Admiral Chester Nimitz called it the worst loss the U.S. Navy had suffered in the Pacific "without compensatory return" since the 9 August 1942 debacle off Savo Island. The Pacific Fleet commander wasn't referring to a battle against the Japanese Navy but to the damage inflicted by a typhoon that struck Admiral William F. Halsey's Task Force 38 on 18 December 1944.
"Halsey's Typhoon" has gone down as the most infamous storm in U.S. Navy history. In this issue we're presenting an exciting new chapter in the history of the typhoon: "Battling the Pacific's Most Deadly Force"—a gripping account of riding out the storm by an officer of the deck in the USS Nehenta Bay (CVE-74).
Lieutenant Thompson Webb Jr. (USNR) wrote the heretofore unpublished white-knuckle tale within weeks of the typhoon. In late 1945 he submitted the article to Harper's Magazine, which turned it down. So, while Mr. Webb built a career in the academic publishing business before passing away in 1998, the manuscript languished among old files in his basement. That's where his grandson, Gregg Webb, discovered it several years ago. "I had known that he had been a sailor," Gregg said, "but I had not appreciated the harrowing and crucial role he had played during the typhoon." After transcribing the manuscript, the younger Webb submitted it to Naval History.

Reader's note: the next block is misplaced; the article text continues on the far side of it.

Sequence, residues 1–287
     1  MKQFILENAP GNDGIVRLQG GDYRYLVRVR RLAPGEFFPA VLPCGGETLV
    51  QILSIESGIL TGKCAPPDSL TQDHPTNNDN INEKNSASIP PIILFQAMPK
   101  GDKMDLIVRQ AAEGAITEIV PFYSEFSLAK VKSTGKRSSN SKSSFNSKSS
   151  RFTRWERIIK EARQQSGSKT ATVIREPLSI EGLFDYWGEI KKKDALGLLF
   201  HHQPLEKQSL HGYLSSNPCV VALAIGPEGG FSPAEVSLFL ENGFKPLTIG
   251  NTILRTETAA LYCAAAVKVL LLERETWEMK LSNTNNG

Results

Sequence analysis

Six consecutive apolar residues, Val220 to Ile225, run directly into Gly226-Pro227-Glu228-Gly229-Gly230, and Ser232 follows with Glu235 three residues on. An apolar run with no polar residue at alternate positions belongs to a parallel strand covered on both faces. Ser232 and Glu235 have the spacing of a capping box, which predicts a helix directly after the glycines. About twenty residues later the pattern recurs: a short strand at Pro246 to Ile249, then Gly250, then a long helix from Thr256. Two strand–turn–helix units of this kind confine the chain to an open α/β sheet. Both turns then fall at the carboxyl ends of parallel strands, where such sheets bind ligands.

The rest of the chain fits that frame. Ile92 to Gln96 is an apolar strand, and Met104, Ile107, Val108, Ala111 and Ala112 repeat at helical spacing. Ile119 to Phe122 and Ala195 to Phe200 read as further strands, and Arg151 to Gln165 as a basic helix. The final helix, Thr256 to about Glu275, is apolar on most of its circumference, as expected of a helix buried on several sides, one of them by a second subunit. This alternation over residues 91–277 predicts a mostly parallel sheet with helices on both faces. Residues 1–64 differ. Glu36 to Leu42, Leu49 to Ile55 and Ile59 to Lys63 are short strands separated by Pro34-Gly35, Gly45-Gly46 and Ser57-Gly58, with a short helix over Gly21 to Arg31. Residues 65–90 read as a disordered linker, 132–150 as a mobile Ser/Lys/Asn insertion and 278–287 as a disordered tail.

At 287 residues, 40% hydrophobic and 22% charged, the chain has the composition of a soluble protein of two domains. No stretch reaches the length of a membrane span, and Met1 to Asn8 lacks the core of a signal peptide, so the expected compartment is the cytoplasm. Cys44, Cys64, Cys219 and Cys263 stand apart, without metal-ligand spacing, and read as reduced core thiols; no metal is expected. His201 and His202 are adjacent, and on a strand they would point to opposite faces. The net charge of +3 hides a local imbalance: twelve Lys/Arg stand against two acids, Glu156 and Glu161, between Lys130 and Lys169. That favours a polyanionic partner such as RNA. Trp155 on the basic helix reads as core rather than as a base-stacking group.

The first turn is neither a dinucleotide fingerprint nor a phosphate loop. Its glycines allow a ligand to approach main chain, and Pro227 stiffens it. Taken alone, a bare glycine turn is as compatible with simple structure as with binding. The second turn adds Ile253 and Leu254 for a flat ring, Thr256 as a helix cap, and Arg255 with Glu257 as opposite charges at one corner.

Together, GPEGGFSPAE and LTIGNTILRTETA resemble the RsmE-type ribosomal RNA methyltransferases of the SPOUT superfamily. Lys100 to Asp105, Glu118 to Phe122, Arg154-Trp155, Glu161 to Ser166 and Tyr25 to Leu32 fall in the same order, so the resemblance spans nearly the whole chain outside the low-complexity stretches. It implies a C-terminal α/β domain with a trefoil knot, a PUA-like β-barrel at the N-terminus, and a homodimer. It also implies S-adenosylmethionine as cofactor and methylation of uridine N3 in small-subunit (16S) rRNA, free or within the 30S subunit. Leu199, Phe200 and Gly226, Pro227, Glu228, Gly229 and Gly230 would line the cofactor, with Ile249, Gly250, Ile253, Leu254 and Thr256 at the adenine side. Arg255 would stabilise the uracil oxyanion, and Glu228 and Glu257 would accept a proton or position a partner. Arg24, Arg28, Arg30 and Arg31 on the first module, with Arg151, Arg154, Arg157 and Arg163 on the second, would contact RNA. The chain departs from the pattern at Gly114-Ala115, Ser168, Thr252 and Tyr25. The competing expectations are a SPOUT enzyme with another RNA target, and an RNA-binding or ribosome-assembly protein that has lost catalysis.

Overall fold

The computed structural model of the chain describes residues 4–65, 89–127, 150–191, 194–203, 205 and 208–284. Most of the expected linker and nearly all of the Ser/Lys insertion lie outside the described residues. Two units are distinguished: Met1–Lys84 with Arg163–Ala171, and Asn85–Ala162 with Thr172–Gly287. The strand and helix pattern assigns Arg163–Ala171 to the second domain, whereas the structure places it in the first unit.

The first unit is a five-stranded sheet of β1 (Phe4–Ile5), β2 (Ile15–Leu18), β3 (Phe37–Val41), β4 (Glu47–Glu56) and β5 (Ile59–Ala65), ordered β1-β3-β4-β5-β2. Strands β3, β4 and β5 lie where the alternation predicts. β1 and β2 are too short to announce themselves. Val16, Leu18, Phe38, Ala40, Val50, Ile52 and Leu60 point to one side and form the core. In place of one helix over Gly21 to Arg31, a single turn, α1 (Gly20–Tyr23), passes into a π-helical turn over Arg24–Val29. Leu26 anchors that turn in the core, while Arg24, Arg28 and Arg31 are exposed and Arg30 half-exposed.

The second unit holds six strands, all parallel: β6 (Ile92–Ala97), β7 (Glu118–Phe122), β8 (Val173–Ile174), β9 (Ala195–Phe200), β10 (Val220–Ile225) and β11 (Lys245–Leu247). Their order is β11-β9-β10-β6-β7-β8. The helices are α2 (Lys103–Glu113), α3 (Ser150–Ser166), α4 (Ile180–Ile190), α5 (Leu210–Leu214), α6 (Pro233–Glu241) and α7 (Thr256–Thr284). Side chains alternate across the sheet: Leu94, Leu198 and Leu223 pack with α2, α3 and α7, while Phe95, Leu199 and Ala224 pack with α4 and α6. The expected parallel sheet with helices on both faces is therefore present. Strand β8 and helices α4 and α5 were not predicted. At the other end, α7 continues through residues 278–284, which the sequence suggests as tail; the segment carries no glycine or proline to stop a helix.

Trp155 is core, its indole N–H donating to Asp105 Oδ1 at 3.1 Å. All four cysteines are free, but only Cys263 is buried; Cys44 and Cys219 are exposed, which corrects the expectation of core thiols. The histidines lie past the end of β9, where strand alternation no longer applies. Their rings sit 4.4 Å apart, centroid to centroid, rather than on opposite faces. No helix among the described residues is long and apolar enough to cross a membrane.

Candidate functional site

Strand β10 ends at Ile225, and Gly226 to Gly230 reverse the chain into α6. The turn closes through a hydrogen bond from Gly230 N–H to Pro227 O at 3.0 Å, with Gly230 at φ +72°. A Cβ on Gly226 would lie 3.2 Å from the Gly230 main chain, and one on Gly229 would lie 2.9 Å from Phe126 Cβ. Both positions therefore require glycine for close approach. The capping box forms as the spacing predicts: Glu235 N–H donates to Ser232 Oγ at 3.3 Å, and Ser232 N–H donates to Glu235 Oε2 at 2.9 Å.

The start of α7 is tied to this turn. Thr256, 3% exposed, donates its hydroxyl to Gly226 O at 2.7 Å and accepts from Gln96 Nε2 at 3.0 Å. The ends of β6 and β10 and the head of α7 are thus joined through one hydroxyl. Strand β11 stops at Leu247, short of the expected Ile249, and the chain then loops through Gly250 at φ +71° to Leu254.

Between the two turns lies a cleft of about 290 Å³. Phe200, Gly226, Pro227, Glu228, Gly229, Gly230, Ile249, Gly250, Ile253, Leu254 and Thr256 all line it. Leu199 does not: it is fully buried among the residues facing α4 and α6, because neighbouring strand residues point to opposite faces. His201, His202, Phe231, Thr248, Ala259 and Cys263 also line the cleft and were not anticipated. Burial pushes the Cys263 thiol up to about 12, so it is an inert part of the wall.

Family ties are also behind two other storm stories in this issue. Author and retired Coast Guard Captain Robert Bennett's great-great grandfather John Maxson figures prominently in "Bouncy but Dry Ride to Safety." During a nor'easter in January 1850, Maxson supervised the first successful rescue from a U.S. government lifesaving station. Patrick McSherry, meanwhile, uses excerpts from his grandfather's memoirs to spice up his article about the Great White Fleet's stormy encounter on the way to Japan 100 years ago, "Wallowin' in a Typhoon Before Morning." Seaman Jack McSherry served on board the USS Minnesota during the fleet's round-the-world cruise.
Most Americans aren't likely to mark the centennial of the Great White Fleet's encounter with a typhoon, but they certainly should reflect long and hard about a searing event that took place 25 years ago. On 23 October 1983 a terrorist truck bomb flattened the Marine battalion landing team barracks in Beirut, killing 241 American servicemen. In "Courage in the Face of Terror," Major Robert Jordan, USMC (Ret.), who was then in Beirut serving as the 24th Marine Amphibious Unit's public-affairs officer, recollects the events that led to the horrific blast.
And finally, in the August issue we reported a runner-up for the 2007 Theodore and Franklin D. Roosevelt Prize in Naval History but failed to reveal the winner: William N. Still Jr. for his book Crisis at Sea: The United States Navy in European Waters in World War I (University Press of Florida, 2006). In addition to retired Navy Admiral James L. Holloway III (Aircraft Carriers at War, Naval Institute Press, 2007), Commander Craig C. Felker, U.S. Navy, also earned an honorable mention, for Testing American Sea Power: U.S. Navy Strategic Exercises, 1923-1940 (Texas A&M University Press, 2007). Our apologies to Dr. Still and Commander Felker.
Richard G. Latture